While the Bush administration has said that Iraqi security has improved in recent months, US and Nato forces in Afghanistan are facing increasingly frequent attacks from fighters linked to the Taliban and al-Qaeda.
"I am not convinced we are winning yet in Afghanistan but I am convinced we can," Mullen said.
"That is why I intend to commission and am looking at a more comprehensive military strategy for the region that covers both sides of that border."
But Mullen said that Afghanistan needs more than just "boots on the ground".
"It needs more trucks on the roads, teachers in schools, trained judges and lawyers in courts, foreign investments, alternative crops, sound governance, the rule of law - these are the keys to success in Afghanistan," he said.
"We cannot kill our way to victory."
The US military is working with Pakistan's government in an attempt to crack down on Taliban and al-Qaeda linked fighters who are believed to be based in Pakistan's border region with Afghanistan, Gates said.
|The US says Iraqi security has improved
but remains fragile [AFP]
"I do believe that Islamabad appreciates the magnitude of the threat from the tribal areas, particularly the uptake in suicide bombings directed against Pakistani targets," he said.
"During this time of political turmoil in Pakistan it is especially critical that we maintain a strong and positive relationship with the government, since any deterioration would be a setback for Afghanistan and Pakistan," he said.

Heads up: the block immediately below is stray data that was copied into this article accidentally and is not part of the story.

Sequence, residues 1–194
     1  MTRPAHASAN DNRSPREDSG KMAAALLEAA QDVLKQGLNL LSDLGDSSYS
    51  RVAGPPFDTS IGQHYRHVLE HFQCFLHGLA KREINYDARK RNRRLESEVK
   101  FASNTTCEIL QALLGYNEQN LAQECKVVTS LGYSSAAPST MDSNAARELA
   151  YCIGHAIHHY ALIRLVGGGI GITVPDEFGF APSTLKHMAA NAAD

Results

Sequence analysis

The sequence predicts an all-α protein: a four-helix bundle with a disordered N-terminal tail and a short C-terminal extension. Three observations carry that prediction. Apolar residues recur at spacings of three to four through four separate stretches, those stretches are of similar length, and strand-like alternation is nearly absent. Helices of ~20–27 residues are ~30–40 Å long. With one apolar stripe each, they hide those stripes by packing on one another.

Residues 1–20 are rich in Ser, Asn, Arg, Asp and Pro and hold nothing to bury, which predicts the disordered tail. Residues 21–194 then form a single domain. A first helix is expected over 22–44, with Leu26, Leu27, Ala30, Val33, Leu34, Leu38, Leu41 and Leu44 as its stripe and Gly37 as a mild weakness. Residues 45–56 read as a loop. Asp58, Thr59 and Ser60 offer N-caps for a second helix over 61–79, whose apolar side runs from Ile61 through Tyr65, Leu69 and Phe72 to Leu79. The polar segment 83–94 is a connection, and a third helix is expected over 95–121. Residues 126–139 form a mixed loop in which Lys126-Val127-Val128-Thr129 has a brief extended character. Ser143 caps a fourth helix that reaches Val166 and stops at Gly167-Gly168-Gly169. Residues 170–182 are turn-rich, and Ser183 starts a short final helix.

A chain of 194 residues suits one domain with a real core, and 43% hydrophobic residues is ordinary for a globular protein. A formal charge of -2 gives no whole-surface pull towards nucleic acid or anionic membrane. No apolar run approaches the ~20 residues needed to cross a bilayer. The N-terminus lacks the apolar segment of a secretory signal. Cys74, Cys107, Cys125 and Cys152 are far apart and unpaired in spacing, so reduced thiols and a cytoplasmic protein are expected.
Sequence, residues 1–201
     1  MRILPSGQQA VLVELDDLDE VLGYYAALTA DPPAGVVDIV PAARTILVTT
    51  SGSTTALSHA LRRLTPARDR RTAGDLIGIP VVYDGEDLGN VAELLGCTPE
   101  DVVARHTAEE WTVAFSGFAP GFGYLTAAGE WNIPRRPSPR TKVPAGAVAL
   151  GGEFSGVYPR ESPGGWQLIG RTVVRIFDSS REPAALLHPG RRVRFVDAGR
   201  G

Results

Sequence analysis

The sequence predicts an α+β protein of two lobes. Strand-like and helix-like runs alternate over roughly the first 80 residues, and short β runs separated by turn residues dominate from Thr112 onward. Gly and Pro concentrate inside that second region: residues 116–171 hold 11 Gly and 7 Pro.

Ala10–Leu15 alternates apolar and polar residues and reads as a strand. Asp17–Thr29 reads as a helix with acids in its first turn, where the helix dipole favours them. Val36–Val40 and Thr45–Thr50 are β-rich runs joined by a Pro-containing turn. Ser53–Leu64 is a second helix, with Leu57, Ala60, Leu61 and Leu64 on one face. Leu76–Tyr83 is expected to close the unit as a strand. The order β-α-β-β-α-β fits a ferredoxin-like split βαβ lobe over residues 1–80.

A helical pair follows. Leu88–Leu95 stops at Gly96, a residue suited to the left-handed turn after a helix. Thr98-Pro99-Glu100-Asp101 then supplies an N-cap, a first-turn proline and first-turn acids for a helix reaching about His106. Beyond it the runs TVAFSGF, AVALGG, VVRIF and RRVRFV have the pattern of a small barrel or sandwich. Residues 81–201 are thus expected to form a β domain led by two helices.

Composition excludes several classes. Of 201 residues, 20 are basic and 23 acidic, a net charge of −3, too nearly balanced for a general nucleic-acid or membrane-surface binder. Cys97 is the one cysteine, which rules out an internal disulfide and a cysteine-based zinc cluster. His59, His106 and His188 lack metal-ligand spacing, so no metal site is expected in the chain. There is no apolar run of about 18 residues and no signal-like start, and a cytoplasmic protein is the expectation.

"The war on terror started in this region and must end there."
However, Gates said that Iraqi security was still fragile and warned that the situation could deteriorate unless there is continued diligence on the security front.
Improvements to security in Iraq could have "the potential of overriding a measure of caution borne of uncertainty," he said.
"The planned [US troop] reductions are an acceptable risk today that also provide for unforeseen circumstances in the future," he said.
"The reductions also preserve a broad range of options for the next commander-in-chief who will make his own assessment after taking office in January," he said.
"As we proceed deeper into the endgame, I would urge our leaders to implement strategies that while steadily reducing our presence in Iraq also take into account the advice of our commanders," he said.